Prevalence of suicidal ideation and self-harm behaviours in children aged 12 years and younger: a systematic review and meta-analysis

Lancet Psychiatry. 2022 Sep;9(9):703-714. doi: 10.1016/S2215-0366(22)00193-6. Epub 2022 Jul 27.


Background: Suicide in children is a pressing public health concern. The increasing number of deaths by suicide and emergency visits for suicidal ideation and self-harm in children might not be fully representative; it is likely that many more children are in distress but do not seek out help. We conducted a systematic review and meta-analysis of existing studies to quantify the prevalence of suicidal ideation and self-harm behaviours among children in the community aged 12 years and younger.

Methods: In this systematic review and meta-analysis, we searched PsycINFO, MEDLINE, and Web of Science via OVID from database inception to Feb 28, 2022, for articles published in French or English that reported estimates of prevalence of suicidal ideation (including suicide planning) and self-harm behaviours (namely, self-harm, suicide attempts, and non-suicidal self-injury) in children aged 12 years and younger. Reference lists were also searched; case studies, qualitative studies, and health-care visit studies were excluded. The outcomes were suicidal ideation, suicide plan or attempts, and self-harm. We used a random-effects model to calculate the overall pooled prevalence of suicidal ideation and self-harm behaviours for all timeframes combined and for ever versus the past 12 months for suicidal ideation. We used the Joanna Briggs Institute Critical Appraisal tool to evaluate the risk of bias in each study. This study is registered with PROSPERO, CRD42020179041.

Findings: 28 articles, encompassing 30 studies overall, met the inclusion criteria, aggregating findings from 98 044 children (of whom 46 980 [50·5%] were girls and 46 136 [49·5%] were boys; six articles did not report sex or gender) aged 6-12 years. The pooled prevalence estimate was 7·5% (95% CI 5·9-9·6) for suicidal ideation from 28 studies and 2·2% (2·0-2·5) for suicide planning from three studies. The pooled prevalence was 1·4% (0·4-4·7) for self-harm from four studies, 1·3% (1·0-1·9) for suicide attempt from six studies, and 21·9% (6·2-54·5) for non-suicidal self-injury from two studies. The prevalence of suicidal ideation was higher in studies that included child-reported outcomes (10·9% [95% CI 8·1-14·5] for child only and 10·4% [6·8-15·5] for child and parent combined) than for parent-only reported outcomes (4·7% [3·4-6·6]; p=0·0004). The prevalence of suicidal ideation and self-harm behaviours was similar in boys and girls (suicidal ideation, 7·9% [95% CI 5·2-12·0] for boys vs 6·4% [3·7-10·7] for girls; self-harm behaviours, 3·5% [1·6-7·2] for boys vs 3·0% [1·4-6·4%] for girls). Detailed ethnicity data were not available. High heterogeneity was identified across estimates (I2>90%), which was not well explained by the characteristics of the studies.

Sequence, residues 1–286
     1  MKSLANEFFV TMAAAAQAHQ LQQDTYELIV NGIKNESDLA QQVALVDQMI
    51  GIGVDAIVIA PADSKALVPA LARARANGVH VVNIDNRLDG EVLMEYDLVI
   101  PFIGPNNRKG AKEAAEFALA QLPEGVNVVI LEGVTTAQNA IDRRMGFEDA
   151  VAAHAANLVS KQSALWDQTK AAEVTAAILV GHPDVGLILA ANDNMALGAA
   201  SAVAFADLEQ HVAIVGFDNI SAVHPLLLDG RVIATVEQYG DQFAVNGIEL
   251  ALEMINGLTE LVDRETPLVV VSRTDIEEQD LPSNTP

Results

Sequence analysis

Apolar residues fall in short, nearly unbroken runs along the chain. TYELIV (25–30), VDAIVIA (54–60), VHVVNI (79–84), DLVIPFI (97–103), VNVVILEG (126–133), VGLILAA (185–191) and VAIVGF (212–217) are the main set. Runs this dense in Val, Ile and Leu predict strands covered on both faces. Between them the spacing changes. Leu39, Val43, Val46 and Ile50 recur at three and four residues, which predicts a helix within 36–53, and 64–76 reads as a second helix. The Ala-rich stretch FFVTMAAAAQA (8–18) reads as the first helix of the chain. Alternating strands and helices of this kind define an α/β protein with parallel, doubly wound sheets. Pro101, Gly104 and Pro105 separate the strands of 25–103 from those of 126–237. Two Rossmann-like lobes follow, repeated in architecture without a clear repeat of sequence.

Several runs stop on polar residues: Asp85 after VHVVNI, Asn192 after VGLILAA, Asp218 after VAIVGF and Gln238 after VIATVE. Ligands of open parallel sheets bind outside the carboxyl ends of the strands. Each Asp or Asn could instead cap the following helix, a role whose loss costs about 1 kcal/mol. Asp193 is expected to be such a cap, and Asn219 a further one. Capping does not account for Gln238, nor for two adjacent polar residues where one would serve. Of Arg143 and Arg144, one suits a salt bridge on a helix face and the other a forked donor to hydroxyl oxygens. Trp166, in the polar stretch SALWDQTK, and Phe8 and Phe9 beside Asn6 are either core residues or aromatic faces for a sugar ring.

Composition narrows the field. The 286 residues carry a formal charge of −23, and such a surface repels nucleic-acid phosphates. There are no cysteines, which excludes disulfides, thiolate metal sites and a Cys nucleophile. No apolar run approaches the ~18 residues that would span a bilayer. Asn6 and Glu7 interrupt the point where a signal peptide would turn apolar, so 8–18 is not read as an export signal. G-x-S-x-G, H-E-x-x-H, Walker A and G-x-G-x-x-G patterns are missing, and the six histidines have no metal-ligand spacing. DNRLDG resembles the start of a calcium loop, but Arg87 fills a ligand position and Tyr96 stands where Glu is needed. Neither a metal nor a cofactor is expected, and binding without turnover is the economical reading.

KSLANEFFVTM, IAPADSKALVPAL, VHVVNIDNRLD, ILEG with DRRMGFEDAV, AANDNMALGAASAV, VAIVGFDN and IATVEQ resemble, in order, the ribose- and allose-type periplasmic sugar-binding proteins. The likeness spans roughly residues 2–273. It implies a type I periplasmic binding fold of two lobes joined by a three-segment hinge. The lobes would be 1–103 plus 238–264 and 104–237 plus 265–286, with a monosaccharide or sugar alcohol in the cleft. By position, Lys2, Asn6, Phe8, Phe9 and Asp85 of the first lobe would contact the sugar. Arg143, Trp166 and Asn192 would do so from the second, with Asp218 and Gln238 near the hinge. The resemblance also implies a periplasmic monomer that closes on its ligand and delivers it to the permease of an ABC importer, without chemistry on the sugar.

Interpretation: A high number of children in the general population can experience suicidal ideation and self-harm behaviours, thus underlining the need for more research on childhood suicide, including developmentally appropriate preventive strategies, such as youth-nominated support teams or dialectical behavioural therapy.

Funding: Canada Research Chair in Youth Mental Health and Suicide Prevention.

Publication types

  • Meta-Analysis
  • Systematic Review
  • Research Support, Non-U.S. Gov't

MeSH terms

  • Adolescent
  • Child
  • Female
  • Humans
  • Male
  • Mental Health
  • Prevalence
  • Self-Injurious Behavior* / epidemiology
  • Self-Injurious Behavior* / psychology
  • Suicidal Ideation*
  • Suicide, Attempted / psychology